Berkeley audience embraces author's evolutionary view to life's questions
By Lou Fancher Correspondent San Jose Mercury News
BERKELEY -- Richard Dawkins, the celebrated and often incendiary evolutionary biologist, whose bestselling book "The God Delusion" set out to turn religious leaders into atheists, turned his attention to the younger generation in an Oct. 11 Berkeley Arts & Letters Author Series appearance.
Arriving in Berkeley on the wings of a double-version paperback release of "The Magic of Reality," (Free Press, 2012) Dawkins was given a rousing warm-up intro from Sean Faircloth, director of strategy and policy at the Richard Dawkins Foundation for Reason and Science.
"I flew here in a giant metal tube," he said. "What a fascinating time to be alive!"
Describing the RDFRS as an organization working to overcome the religious bias of fundamentalism with critical, evidence-based thought, Faircloth was emphatic on three points:
Reason and compassion must be applied equally, everywhere in the world.
Enlightenment only succeeds if it is organized through grass roots efforts with adherence to reason.
Everyone in attendance should head afterward to the Hotel Shattuck for a beer and a discussion of "How to take over the state of California, together!"
It was a rousing, if overly-aerated introduction, and the Berkeley audience lapped it up like Cal fans on a Saturday afternoon in Memorial Stadium.
"It's a huge pleasure to be back in this much loved town, this playground of my youth," Dawkins said, after extended applause from the audience at First Congregational Church of Berkeley.
An assistant professor of zoology at UC Berkeley in the late 1960s, Dawkins returned to England's Oxford University in 1970, but retained a healthy American following, as evidenced by blockbuster book sales and the sold out lecture.
Briefly laying the foundation for his illustrated book ("aimed at 12-year-olds, but suitable for people as young as 7 and as old as 95," he said), Dawkins outlined and amplified each chapter in the book's soft-sided, but hard-as-nails examination of life's great questions.
"What is reality? What is magic? Who was the first person? What are things made of?" he asked.
The questions, while typical of a child, remain in the minds of most adults. Associated myths, legends and fairy tales, presented by Dawkins in each chapter as misguided efforts that "turn off reasoned thought," supported his premise: facts of the real world, understood through science, are magic enough.
"(I have) a principled objection to the "frog becomes a prince" idea," he announced. "If you take the bits of anything and shape the atoms at random and hope something will drop out of it -- you can do that for a trillion years and never get anything useful."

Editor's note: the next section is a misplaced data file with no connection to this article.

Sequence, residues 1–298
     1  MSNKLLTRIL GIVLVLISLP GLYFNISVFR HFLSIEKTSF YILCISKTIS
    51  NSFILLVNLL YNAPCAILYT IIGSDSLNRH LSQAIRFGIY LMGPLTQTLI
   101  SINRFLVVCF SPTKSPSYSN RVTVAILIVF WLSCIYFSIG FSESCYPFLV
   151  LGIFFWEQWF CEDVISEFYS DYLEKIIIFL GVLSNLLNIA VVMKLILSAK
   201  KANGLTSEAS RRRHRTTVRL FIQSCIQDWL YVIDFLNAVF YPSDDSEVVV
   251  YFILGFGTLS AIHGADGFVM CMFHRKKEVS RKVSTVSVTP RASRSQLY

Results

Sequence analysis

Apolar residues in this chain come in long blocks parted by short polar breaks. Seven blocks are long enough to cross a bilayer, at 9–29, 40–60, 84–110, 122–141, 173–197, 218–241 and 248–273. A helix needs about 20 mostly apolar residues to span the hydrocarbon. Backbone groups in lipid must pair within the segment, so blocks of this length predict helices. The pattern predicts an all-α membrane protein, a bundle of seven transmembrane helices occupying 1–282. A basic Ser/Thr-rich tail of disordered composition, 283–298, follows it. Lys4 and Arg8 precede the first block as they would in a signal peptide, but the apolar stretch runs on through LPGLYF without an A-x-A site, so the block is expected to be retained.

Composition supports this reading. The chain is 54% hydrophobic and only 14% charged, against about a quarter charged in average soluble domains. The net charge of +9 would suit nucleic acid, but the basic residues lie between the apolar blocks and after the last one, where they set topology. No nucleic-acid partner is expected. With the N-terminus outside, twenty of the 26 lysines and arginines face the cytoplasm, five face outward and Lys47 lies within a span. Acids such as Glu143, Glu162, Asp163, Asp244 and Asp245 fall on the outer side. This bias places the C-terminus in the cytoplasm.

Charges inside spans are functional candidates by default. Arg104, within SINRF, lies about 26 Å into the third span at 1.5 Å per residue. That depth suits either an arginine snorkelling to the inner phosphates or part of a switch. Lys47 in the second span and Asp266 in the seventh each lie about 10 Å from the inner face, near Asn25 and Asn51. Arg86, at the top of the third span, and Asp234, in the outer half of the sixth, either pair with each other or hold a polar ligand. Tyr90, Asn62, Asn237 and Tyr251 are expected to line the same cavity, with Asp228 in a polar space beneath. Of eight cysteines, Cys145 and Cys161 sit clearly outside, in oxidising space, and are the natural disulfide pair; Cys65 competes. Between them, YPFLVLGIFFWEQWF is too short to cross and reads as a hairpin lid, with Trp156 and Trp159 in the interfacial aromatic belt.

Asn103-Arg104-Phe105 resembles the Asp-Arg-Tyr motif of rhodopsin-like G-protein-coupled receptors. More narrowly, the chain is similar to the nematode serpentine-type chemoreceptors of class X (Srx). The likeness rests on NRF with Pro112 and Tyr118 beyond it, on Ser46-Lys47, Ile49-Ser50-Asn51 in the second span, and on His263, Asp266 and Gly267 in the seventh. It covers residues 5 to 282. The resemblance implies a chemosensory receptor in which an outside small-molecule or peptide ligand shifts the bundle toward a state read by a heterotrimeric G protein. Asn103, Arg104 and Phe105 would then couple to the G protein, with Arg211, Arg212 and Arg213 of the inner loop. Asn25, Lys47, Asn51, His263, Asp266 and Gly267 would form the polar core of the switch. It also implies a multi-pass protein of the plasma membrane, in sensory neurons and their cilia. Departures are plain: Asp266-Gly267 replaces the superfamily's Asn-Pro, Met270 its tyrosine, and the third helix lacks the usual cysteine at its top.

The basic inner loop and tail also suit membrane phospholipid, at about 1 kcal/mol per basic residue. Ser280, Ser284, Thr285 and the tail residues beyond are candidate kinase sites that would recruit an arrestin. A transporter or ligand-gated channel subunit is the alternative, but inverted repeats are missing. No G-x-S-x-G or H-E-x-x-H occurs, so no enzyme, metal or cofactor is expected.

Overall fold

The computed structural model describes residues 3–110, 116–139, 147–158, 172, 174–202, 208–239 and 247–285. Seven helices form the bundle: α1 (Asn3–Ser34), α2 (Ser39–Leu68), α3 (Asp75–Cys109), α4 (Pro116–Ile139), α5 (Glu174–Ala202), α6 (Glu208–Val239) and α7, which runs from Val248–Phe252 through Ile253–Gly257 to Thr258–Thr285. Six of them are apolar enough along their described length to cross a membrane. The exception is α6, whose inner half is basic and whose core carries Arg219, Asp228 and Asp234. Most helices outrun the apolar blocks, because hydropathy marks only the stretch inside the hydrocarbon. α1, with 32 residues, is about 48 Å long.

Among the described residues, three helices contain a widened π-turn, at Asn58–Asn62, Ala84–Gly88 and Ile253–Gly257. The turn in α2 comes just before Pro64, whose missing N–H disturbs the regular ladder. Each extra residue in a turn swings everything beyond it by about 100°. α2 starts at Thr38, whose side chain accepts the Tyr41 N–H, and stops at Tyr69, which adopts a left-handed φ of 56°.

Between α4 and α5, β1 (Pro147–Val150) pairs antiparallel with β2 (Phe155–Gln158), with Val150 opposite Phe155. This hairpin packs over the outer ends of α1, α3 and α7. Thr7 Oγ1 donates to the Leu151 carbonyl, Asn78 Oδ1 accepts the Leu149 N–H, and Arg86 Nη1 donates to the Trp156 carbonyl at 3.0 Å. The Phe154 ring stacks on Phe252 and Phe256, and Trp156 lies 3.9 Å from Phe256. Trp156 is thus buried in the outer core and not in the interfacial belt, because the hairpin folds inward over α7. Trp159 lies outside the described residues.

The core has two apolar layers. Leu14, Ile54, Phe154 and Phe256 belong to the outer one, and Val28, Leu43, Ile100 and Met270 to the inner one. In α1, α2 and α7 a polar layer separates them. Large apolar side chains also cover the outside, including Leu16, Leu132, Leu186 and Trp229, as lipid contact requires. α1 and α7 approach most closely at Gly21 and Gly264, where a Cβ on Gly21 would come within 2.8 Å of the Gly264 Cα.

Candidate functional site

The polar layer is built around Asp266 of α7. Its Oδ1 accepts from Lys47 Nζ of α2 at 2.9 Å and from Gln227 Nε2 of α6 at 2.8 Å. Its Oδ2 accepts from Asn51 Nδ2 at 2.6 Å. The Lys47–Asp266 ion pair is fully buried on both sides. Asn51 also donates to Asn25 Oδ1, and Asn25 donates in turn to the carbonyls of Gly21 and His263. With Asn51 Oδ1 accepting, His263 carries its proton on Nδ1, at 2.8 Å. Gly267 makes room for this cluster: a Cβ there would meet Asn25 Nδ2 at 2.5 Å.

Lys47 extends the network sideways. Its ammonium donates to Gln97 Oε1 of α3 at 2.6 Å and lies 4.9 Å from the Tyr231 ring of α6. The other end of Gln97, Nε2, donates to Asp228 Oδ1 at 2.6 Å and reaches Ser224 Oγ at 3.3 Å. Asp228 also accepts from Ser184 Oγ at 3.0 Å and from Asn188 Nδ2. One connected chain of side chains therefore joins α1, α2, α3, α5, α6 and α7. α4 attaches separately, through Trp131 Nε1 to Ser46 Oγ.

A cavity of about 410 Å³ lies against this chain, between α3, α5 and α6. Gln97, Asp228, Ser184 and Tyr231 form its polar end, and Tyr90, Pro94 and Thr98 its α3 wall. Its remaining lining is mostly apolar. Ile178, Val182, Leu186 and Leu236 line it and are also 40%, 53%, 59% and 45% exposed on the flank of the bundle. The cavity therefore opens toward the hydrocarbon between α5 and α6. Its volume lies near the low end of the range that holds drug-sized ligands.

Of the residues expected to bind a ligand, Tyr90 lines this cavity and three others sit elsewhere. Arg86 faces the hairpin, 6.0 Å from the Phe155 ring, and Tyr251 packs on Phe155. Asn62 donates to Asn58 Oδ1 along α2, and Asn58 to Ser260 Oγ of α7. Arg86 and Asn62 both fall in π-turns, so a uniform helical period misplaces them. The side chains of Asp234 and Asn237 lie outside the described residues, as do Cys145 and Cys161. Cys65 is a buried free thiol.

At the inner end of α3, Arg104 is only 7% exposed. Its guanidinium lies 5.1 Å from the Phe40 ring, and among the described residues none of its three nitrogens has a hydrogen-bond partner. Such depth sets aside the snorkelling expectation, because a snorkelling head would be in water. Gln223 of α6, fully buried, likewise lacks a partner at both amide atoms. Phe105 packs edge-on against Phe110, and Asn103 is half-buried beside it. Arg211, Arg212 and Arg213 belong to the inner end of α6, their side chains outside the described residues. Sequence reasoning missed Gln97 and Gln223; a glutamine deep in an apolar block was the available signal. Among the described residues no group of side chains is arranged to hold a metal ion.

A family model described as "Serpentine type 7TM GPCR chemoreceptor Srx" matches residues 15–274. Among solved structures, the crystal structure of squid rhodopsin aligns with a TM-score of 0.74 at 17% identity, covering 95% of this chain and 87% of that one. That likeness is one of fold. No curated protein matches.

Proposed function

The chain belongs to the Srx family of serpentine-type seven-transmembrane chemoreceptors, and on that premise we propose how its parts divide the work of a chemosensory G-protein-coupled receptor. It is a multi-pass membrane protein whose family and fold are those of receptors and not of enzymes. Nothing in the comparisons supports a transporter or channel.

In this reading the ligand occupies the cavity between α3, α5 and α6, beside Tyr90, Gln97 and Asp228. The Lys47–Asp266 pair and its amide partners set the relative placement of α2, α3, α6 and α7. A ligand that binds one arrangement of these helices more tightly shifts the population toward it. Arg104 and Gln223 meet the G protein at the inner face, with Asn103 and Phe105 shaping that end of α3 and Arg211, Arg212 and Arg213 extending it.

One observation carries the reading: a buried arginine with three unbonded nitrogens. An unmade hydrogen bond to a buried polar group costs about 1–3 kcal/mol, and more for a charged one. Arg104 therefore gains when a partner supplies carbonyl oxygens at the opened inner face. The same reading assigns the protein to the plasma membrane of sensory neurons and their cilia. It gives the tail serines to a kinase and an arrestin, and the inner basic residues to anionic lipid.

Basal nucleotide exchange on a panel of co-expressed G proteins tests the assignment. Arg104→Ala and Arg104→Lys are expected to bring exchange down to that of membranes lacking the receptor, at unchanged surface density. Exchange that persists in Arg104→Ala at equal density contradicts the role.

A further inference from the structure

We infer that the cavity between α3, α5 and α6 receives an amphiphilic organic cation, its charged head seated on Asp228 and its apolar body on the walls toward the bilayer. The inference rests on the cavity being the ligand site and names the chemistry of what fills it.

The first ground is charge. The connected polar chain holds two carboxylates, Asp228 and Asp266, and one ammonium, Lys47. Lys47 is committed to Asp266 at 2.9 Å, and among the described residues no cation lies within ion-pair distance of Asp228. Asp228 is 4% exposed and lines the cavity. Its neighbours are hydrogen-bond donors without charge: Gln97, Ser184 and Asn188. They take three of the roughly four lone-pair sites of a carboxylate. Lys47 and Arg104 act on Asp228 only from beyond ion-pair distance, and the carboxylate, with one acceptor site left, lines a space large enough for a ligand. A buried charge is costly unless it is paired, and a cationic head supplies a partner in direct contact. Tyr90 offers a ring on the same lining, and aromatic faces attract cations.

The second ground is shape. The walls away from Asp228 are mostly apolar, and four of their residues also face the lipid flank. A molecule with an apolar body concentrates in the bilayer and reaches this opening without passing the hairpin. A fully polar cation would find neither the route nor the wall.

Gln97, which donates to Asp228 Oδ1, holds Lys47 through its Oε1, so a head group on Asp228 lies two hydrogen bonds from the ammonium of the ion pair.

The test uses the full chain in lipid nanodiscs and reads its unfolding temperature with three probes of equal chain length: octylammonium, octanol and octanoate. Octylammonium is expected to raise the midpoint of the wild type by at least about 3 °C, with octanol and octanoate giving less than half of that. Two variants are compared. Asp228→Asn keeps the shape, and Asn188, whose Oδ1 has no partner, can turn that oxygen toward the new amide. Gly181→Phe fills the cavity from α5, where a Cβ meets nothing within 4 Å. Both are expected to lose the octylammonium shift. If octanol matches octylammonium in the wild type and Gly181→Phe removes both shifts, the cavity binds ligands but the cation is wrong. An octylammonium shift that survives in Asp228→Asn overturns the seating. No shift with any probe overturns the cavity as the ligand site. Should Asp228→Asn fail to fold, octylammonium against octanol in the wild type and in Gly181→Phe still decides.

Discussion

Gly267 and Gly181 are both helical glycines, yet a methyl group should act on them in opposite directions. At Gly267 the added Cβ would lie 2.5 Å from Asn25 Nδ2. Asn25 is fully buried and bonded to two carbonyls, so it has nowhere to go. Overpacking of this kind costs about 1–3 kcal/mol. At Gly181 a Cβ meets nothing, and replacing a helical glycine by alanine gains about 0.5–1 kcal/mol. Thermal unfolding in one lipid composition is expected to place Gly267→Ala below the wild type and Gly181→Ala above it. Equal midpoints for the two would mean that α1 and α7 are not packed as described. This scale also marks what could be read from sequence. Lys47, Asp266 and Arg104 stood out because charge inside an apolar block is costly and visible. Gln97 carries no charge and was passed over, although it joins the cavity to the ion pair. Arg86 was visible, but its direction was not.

Dismissing tribal tales as "colorful" and the Biblical Adam as "enshrined" mythology, Dawkins suggested a thought experiment.
"Take a picture of yourself ... then add enough generations to reach a photo of your 185th grandfather. You would have a tower equal to 180 New York skyscrapers, or, tipped on its side, a 40-mile trek of photos ending in this," he said, as a large fish appeared on the screen behind him.
—Every picture along the path looks pretty much like its neighbor, and yet if you go far enough, you come to a fish. Is it a paradox?" he asked. "It's no more a paradox than that you were once a child and became a teenager. If you sample yourself at intervals along your life's span, you see you have changed."
Existential questions, like "Are we alone?" and "Why do bad things happen?" brought out the blunt, precise scientist in Dawkins.
A person insisting that life only exists on earth is "looking for a ridiculous, implausible theory," according to Dawkins. And there is no reason good things should happen to good people or bad things to bad, he said, adding, "The universe doesn't care."
Audience members, many nodding in agreement throughout the lecture, were unerringly deferential in the closing Q&A. It was notable that in a city known for robust debate and vigorous, even schismatic colloquy, Dawkins' hero worship status may have silenced a generation of critical, religious thinkers.
Even so, the questions provided another opportunity for Dawkins to advocate his positions.
For children: "I always think we should tell the truth, but perhaps comforting myths are not particularly pernicious."
For the rest of us: "The diversity of opinions suggests that all opinions are equally of value and should be listened to .... No they shouldn't!"
Dave McKean's eclectic artwork brings comic book, film, collage, and graphic design expertise to the package, making the choice between an illustrated and a text-only version a simple equation: if you have $16, get the latter. If you have $20, go for the full package.